How To Raise A Mortgage On Foreign Property

Despite the tricky financial climate, many Britons are still taking the plunge and emigrating, or buying a second home abroad. But if you want to raise a mortgage to buy an overseas property there are many different underwriting obstacles you may come up against, says overseas mortgage professional Simon Conn.

Once you have seen the property, enlist the services of an independent lawyer. Before any contract is signed, it must be ‘subject to mortgage finance’ and this provides a fall-back position if:

 

– You fail financially

– The property is down valued

– There are legal issues – or other problems – that may not allow you to complete (for example losing your job, family illness etc).

 

By applying for a mortgage, the advantage is that the bank will also check the legalities and carry out a valuation on the property, although they will not carry out a full in-depth survey unless requested. The bank will only ensure the property is good security for the mortgage you require and to check the property has not been overpriced.

Note that by applying for a mortgage, you could slow down the sales process and there may be additional bank, local taxes and legal costs.

The bank calculates how much an applicant can afford by normally only taking into account 30-33% of their total net personal income (after tax), to cover any existing liabilities (such as existing mortgages, bank and car loans, school fees, maintenance/alimony payments etc), plus the cost of the new monthly mortgage repayments.

Net income is normally calculated from employed, pension or, possibly, investment income. In most instances no rental income on the new property will be taken into account.

If an applicant has existing rentals, lenders may also not take that income into account. However if that rental income is from multiple properties and separate audited accounts are available, the net profit could be taken into account. They may also request a tax return to substantiate this additional income.

A lower loan-to-value or a higher deposit may not affect the maximum amount you can borrow as, since the world economic crisis, it is primarily down to affordability.

If you are employed, it is ideal if you have been employed in your current job for at least 6-12 months. If it is less than that, a potential lender will need to know of any remaining probationary period, and you are also likely to be asked for your latest CV showing your job experience.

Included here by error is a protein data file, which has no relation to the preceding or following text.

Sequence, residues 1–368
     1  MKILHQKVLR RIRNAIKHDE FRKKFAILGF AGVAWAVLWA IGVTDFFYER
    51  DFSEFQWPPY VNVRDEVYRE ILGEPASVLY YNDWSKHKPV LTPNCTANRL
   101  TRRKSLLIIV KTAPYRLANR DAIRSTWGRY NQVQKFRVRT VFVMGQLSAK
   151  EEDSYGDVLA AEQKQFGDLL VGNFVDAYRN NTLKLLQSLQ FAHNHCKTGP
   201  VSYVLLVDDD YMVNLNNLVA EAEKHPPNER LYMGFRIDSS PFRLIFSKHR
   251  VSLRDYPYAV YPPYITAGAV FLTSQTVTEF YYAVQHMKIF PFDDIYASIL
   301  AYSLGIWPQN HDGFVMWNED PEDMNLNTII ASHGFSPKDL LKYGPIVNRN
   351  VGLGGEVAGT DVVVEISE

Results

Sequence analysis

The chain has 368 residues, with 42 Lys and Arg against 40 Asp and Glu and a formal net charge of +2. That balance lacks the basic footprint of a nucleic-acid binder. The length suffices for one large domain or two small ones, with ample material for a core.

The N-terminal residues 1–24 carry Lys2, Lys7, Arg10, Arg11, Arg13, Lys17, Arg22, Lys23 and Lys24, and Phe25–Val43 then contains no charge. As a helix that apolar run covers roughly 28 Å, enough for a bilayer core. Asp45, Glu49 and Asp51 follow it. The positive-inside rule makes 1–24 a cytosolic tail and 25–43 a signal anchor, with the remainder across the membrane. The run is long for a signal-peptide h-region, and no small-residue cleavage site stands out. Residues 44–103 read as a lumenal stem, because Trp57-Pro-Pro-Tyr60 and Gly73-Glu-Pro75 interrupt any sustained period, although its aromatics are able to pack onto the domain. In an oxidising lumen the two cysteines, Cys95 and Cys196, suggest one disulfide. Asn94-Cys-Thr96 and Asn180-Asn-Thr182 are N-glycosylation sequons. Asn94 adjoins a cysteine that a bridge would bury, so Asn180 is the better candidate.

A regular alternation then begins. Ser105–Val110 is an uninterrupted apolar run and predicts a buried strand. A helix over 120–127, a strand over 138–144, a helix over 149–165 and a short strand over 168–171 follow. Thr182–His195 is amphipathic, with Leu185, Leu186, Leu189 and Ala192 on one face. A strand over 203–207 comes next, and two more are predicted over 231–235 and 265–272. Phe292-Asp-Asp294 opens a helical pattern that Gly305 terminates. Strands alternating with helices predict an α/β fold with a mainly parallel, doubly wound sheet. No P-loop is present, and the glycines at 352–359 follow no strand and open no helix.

Any bonuses, overtime or commission are only likely to be included if it is guaranteed, or possibly if there is a long-term track record.

If you are self-employed you will ideally have at least three years’ trading history with a minimum of two years’ profitable accounts (confirming both gross turnover and net profit for those years). There must be a full explanation for any drop in turnover/profit and, of course, any losses incurred.

If an applicant has more than 20-25% shareholding, they are normally deemed by a potential lender to be self-employed.

If the self-employed applicant is based outside of the UK, their accounts must ideally be prepared by a recognised international firm of accountants to be accepted by a potential lender.

Other commitments which need to be taken into account are bank loans, car loans and leases, school fees, maintenance and alimony payments and credit card balances, which need to be cleared even if it is a 0% interest deal.

However, if a loan or other expense is paid for by a business, then any of these costs may not affect a personal mortgage application. In this case, you must show at least three to six months’ history of the business account paying these expenses, but if you have any defaults, missed payments or CCJs, you are unlikely to be accepted.

Pension and investment income may also be considered on a case-by-case basis.

The maximum age a mortgage can finish differs from country to country, ranging from 65 to 75. The majority of lenders will ask for proof of income after the normal state retirement age.

 

·         Simon Conn is the proprietor of overseas property and finance specialist firm, Simon Conn